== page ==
This was published under the 2010 to 2015 Conservative and Liberal Democrat coalition government
(Transcript of the speech, exactly as it was delivered)
Dear Secretary of State, Vice-Prime Minister, Ministers, ladies and gentlemen, friends and colleagues.
I am delighted to speak today at this Second Prison forum. Let me thank the Prosecutor General’s Office, Ministry of Internal Affairs, the OSCE and Penal Reform International for organising this event. Let me also thank all the participants and experts for taking part.
On 03 December this year a Memorandum of Understanding on co-operation in the sphere of justice and the establishment of a joint consultative committee was signed by the Prosecutor General’s Office of Kazakhstan and the my own Ministry of Justice . This is a great accomplishment in the bilateral relationship between our countries and the result of much hard work and dedication on both sides. I would particularly like to thank the Prosecutor General for his personal commitment to this document. We now look forward to the implementation of that MoU in coming months and years.
I think we can all agree that the rehabilitation of ex-prisoners is a significant problem in the Kazakhstani penal system. Unemployment, both while prisoners are serving their sentences, but also after their release from prison, is a challenge. Building an effective national system to address this is therefore important for the individuals concerned, as well as for the prison service administration and society as a whole. A well functioning rehabilitation system helps contribute to the reduction in the risk of reoffending and therefore in the size of the prison population.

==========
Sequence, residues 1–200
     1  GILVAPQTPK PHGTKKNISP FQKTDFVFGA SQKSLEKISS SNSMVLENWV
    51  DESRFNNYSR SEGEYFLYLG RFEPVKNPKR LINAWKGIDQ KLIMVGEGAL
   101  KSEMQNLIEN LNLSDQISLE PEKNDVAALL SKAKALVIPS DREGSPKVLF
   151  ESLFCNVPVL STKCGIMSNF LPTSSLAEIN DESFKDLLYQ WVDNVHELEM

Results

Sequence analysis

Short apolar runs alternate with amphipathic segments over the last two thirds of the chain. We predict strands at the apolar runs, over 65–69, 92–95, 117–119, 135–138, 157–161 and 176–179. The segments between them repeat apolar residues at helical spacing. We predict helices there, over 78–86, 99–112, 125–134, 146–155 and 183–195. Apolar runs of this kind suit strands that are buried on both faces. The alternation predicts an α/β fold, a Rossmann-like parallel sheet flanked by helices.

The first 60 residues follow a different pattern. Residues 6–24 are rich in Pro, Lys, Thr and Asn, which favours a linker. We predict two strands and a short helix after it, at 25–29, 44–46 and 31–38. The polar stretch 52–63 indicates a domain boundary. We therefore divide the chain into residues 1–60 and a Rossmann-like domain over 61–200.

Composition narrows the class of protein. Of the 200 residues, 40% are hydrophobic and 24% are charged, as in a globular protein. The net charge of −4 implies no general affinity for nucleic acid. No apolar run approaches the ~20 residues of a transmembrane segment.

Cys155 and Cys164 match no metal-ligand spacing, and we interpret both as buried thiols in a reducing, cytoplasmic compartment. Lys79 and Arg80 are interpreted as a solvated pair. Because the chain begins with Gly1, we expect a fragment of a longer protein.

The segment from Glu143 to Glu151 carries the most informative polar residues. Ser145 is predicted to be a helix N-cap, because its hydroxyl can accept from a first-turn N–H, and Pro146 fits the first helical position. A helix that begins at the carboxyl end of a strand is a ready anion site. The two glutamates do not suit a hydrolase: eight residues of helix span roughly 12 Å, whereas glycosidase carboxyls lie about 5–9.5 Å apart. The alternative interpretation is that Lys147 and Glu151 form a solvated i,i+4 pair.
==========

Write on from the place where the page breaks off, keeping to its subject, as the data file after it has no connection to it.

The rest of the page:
It is therefore my sincere hope that this forum’s holistic approach, bringing together a wide range of practitioners and stakeholders in Government ministries and penal administration, social support mechanisms, and local businesses will result in some significant progress in this area.
In January 2011, the functions of social adaptation and prisoner rehabilitation were transferred from the prison services to akimats. Today many resocialisation programmes are provided by religious centres and a small number of NGOs. However, given the large number of prisoners released each year, I believe there would be benefits in a government run programme to meet the needs of ex-prisoners. It is vital to remember that rehabilitation is not just important to ensure the reintegration of former prisoners into society, but also for wider security reasons and to prevent recidivism.
Today’s discussions on re-socialisation of prisoners and the employment of ex-inmates will facilitate the development of re-socialisation in the regions of Kazakhstan as part of the Criminal Executive Code reform. In addition I hope it will help support positive developments in an ambitious Government-led reform process that covers the wider Kazakhstani judicial system. This will also help reduce prison population over time.
On behalf of the British Embassy, let me therefore thank you all for your ongoing efforts in this area. Significant progress has already been made but there are many challenges ahead.